The American diet is largely flooded with refined white sugar and high fructose corn syrup — an excessive intake of which can lead to weight problems and eventually to conditions like diabetes –or artificial sweeteners containing aspartame that has been linked to the growth of brain tumors. With such poor options to choose from, it is good to know that natural and healthy alternatives exist to satisfy the sweet tooth. While this is not a “green light” to consume a limitless amount of these sweeteners, they are certainly healthier dietary choices to make.
1. Maple Syrup
Maple syrup comes from the boiled-down sap of the maple tree. A recent study in the Journal of Agriculture and Food found that it is rich in a number of anti-oxidants, some of which are unique to maple syrup itself. Particularly healthy is the darker Grade B syrup, which is high in these antioxidants and also calcium-rich. Be warned, though, that this nutritional information refers to real maple syrup and not the imitation syrups that often contain no real maple products at all and are largely based on high fructose corn syrup.
2. Coconut Palm Sugar
This sweetener, which has grown in popularity in recent years, is made from the sap of coconut palm flowers that is boiled into a syrup then dried and ground to the texture of granulated sugar. Like other natural sweeteners, coconut palm sugar is a better source of nutrients than refined white sugar and contains iron, magnesium and Vitamin B. It is also a more evironmentally sustainable option, as palms produce on average 50-75% more sugar per acre than sugar cane.
Honey is produced by bees from the nectar of various flowers and there are more than 300 varieties of it here in the United States, depending on the source of the nectar. Honey is shown to be incredibly rich in antioxidants, especially if it is one of the darker, unpasteaurized varieties like buckwheat honey. A study from the University of Wyoming also discovered that honey is lower on the glycemic index than sugar, meaning that it has less of an effect on the blood sugar and insulin levels.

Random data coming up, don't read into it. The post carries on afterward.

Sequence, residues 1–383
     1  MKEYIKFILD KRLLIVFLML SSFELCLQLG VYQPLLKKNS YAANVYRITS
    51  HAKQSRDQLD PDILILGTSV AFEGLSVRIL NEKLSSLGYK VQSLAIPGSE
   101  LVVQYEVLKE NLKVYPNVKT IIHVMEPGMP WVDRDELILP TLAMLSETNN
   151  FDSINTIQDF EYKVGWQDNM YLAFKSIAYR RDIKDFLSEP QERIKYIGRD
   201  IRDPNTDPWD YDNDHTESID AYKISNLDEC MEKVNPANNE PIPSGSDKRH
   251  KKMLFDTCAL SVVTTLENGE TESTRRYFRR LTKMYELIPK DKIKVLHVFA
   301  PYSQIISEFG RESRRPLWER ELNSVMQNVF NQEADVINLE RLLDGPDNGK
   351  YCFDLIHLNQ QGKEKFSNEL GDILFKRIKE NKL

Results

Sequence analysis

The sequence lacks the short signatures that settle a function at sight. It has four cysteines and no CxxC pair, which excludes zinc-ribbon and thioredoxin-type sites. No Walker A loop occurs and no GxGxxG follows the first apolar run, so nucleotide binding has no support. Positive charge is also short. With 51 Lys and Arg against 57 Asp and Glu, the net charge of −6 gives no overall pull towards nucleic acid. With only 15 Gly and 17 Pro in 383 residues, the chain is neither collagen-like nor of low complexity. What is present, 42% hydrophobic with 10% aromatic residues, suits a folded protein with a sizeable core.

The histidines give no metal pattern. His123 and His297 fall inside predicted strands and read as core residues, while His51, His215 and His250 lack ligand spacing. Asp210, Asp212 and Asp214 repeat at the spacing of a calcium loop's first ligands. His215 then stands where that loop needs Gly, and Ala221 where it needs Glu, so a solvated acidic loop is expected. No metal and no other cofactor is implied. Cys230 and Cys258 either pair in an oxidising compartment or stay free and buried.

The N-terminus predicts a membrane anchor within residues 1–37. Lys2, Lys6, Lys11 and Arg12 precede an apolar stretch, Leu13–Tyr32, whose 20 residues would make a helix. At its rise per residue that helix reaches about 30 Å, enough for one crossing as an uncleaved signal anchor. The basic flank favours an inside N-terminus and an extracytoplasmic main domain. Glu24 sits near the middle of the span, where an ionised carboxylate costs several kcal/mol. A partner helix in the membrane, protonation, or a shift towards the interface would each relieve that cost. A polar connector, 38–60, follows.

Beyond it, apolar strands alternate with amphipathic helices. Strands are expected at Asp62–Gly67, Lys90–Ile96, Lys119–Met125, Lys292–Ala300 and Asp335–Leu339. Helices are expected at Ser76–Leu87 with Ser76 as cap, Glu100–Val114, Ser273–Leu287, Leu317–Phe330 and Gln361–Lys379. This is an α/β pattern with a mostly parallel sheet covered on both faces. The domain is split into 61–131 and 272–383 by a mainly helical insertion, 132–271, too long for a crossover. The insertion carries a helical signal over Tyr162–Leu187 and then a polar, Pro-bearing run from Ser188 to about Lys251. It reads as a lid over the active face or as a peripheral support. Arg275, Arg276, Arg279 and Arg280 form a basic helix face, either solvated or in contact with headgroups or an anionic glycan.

4. Monk Fruit Extract
Americans are only just now starting to explore this sweetener which comes from a vine-ripened melon grown throughout China and Southeast Asia. It has a long tradition in Asia as an herbal remedy. However, keep in mind that while it has been marketed as a zero-calorie sweeteners, it actually does have about 2 calories per 2 teaspoon serving. This, however, is still substantially lower than sugar, which clocks in at 15 calories for the same 2 teaspoons!
5. Date Sugar
This sweetener takes advantage of the natural sugariness of dates and grinds them into a fine powder that makes an excellent sugar substitute. It is high in fiber and rich in Vitamin B6, iron and magnesium which is present in the whole dates and is particularly good in dishes like oatmeal.
None of these sweeteners have the nutritional value of whole grains or fresh fruits and vegetables. However, they are all still healthy alternatives to refined sugars, high fructose corn syrup and aspartame and most have some antioxidant or high-fiber properties that also make them an attractive and healthy choice to satisfy your sweet tooth.
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